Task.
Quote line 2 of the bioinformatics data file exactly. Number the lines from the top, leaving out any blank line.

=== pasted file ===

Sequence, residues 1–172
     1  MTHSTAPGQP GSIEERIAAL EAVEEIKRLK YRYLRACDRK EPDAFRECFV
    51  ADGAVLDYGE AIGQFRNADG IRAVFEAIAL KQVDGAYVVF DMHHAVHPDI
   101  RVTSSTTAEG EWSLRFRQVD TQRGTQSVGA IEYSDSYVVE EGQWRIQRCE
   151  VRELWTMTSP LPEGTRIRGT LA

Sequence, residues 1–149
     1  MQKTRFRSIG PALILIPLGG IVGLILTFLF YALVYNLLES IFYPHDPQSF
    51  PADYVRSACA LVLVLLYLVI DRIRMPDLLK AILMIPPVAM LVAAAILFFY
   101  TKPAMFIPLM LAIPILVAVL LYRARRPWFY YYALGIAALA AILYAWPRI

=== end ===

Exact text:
     1  MTHSTAPGQP GSIEERIAAL EAVEEIKRLK YRYLRACDRK EPDAFRECFV